Today's focal point was an anticlimactic can-kicking episode wherein the government shutdown was finally ended, but only for 3 weeks.  The passage of the temporary bill was so well telegraphed that markets had plenty of time to start trading it throughout the day.  Stocks and bond yields edged higher, but not in any exceptionally scary way.  After all, this is just a temporary solution and not the kind that engenders much confidence about a permanent solution.

That said, a permanent solution will, of course, have to come.  Today's temporary solution is evidence that political will can be bent enough to accomplish such things.  I don't really care which side of the aisle bends when it comes to the market reaction.  A permanent shutdown solution connotes pressure on bonds.  Even the temporary solution could add up to more pressure if overseas markets happen to trade it that way early Monday morning.

Combine that with expectations for a dovish Fed announcement on Wednesday and a downbeat jobs report on Friday, and there is some risk that volatility will pick up next week.  Bullish and bearish cases could be made for both stocks and bonds here.  Traders are doing a great job of staying neutral.  The takeaway is that the economic data and earnings are our best indicators for the next leg of momentum.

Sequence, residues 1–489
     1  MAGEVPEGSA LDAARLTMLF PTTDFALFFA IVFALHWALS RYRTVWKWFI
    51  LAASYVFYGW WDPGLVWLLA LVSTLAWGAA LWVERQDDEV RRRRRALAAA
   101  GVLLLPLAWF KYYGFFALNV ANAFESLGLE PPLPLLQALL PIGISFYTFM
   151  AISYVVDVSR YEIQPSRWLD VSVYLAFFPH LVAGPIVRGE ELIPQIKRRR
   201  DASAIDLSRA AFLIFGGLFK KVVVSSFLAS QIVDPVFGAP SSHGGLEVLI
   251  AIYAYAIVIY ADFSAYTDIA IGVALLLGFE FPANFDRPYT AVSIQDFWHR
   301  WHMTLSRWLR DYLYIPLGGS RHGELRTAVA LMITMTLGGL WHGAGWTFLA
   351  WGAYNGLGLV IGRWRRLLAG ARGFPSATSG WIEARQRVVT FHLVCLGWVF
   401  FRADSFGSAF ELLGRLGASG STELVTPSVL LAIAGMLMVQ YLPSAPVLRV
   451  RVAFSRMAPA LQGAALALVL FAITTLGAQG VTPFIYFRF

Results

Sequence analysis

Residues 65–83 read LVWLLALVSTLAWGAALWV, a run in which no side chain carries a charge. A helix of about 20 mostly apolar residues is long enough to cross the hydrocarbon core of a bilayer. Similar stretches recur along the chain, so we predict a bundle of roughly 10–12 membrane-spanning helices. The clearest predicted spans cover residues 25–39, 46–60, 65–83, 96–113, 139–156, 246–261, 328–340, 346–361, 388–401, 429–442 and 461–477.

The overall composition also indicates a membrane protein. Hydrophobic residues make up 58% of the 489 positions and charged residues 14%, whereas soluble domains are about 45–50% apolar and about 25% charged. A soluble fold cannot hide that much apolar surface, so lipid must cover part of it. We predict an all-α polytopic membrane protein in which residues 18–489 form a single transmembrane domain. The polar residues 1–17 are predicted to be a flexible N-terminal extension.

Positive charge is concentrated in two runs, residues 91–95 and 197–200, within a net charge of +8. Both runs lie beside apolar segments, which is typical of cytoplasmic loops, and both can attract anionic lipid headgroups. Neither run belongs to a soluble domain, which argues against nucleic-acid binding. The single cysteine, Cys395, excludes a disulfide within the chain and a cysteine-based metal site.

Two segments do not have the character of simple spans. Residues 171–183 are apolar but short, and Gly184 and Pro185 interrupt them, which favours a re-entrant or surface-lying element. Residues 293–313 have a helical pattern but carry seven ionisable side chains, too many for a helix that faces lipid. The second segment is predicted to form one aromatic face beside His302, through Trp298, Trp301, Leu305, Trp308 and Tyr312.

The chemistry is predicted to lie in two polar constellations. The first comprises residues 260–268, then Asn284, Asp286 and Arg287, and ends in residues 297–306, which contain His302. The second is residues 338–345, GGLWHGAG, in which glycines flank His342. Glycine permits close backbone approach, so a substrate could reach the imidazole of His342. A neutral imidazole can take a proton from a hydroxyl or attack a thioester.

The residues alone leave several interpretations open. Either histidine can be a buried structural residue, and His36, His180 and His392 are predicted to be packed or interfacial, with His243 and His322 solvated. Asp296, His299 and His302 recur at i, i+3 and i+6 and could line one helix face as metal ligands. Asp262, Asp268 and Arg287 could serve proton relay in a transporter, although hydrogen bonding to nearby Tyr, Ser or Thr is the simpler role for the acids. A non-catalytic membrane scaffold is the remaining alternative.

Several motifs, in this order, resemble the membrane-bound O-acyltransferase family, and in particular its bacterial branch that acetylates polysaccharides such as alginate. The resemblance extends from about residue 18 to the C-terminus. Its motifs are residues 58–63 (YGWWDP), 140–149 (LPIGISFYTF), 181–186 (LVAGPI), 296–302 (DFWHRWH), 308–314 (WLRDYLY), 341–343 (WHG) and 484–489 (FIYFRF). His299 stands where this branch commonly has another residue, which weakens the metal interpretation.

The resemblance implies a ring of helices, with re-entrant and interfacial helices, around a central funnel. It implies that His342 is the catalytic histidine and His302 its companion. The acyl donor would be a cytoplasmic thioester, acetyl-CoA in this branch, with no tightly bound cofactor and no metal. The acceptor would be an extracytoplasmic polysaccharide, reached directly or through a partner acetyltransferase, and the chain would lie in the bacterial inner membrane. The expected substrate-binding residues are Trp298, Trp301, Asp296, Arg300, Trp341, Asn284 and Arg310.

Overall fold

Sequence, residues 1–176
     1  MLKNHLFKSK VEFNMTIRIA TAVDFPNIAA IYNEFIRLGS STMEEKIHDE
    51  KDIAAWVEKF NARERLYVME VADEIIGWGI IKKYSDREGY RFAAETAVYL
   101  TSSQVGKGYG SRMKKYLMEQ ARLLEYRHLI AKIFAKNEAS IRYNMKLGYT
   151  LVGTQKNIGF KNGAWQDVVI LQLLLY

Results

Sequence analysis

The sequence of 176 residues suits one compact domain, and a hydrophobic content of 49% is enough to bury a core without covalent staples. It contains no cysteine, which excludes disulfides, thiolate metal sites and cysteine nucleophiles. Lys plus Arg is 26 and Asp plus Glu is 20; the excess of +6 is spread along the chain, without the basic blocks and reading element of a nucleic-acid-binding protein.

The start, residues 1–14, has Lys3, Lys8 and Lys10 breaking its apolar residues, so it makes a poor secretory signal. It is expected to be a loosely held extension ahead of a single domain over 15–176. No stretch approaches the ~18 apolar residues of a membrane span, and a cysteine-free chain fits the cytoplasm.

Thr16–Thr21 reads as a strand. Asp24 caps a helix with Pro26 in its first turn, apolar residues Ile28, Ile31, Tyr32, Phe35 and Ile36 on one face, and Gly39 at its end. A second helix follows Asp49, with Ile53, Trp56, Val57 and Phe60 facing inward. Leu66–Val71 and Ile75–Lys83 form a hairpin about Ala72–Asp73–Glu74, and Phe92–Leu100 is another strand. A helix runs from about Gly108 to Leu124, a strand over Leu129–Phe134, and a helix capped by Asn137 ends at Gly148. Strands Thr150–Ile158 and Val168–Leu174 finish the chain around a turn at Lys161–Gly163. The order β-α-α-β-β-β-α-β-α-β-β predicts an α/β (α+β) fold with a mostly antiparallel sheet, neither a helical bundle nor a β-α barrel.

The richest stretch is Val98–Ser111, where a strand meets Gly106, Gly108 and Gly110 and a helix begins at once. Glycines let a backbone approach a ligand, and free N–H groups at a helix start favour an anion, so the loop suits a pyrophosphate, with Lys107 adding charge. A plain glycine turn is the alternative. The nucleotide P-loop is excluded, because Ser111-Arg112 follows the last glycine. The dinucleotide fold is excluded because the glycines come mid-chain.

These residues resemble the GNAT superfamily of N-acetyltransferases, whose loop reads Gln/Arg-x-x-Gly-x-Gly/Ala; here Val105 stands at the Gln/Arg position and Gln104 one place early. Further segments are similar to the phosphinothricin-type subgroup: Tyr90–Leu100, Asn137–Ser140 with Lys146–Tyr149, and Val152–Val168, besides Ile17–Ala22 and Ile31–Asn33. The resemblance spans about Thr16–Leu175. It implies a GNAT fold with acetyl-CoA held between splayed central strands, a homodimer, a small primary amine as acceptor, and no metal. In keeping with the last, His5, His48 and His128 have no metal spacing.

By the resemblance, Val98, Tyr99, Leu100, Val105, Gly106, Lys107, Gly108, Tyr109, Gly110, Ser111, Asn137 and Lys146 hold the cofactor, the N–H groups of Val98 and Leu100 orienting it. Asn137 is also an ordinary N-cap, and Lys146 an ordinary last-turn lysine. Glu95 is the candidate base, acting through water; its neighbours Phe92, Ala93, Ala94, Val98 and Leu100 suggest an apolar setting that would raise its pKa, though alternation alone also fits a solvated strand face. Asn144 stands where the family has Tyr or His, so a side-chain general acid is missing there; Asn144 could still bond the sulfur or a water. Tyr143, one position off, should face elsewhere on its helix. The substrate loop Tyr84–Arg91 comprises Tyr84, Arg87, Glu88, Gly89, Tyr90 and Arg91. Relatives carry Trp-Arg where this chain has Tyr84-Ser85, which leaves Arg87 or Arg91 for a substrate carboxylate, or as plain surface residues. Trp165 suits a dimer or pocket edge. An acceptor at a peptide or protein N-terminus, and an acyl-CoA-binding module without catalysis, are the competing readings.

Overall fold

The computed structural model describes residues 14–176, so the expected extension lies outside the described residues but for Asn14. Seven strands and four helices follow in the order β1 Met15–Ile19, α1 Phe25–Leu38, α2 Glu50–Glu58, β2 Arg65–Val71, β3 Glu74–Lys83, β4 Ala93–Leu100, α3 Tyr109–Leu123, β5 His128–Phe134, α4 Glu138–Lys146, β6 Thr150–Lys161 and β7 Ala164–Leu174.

MBS Pricing Snapshot
Pricing shown below is delayed, please note the timestamp at the bottom. Real time pricing is available via MBS Live.
FNMA 4.0
101-22 : -0-03
10 YR
2.7580 : +0.0460
Pricing as of 1/25/19 6:25PMEST

Today's Reprice Alerts and Updates
A recap of Alerts and Updates provided to MBS Live subscribers.
12:35PM  :  ALERT ISSUED: Negative Reprice Risk Increasing
9:04AM  :  Bonds Weaker Overnight as Europe Progress Stalls

MBS Live Chat Highlights
A recap of featured comments from the Live Discussion on the MBS Live Dashboard.
Matthew Graham  :  "i think the laguardia thing spooked bonds because traders were like "oh damn... this is going to accelerate a shutdown resolution""
Chris Stevens  :  "CBS News Chief Washington Correspondent Major Garrett reports that Mr. Trump is expected to back a continuing resolution (CR) to reopen the government for a few weeks. The border security debate will continue during the CR but the move is designed to take the stress off the system and assure federal workers of pay."
Chris Stevens  :  "Some Republicans are starting to break with their party and support the Democratic package...the air traffic issue this morning was said to have been the gasoline on the current fire to get a deal done by the end of the day. A divided govt means diminished possibilities for POTUS."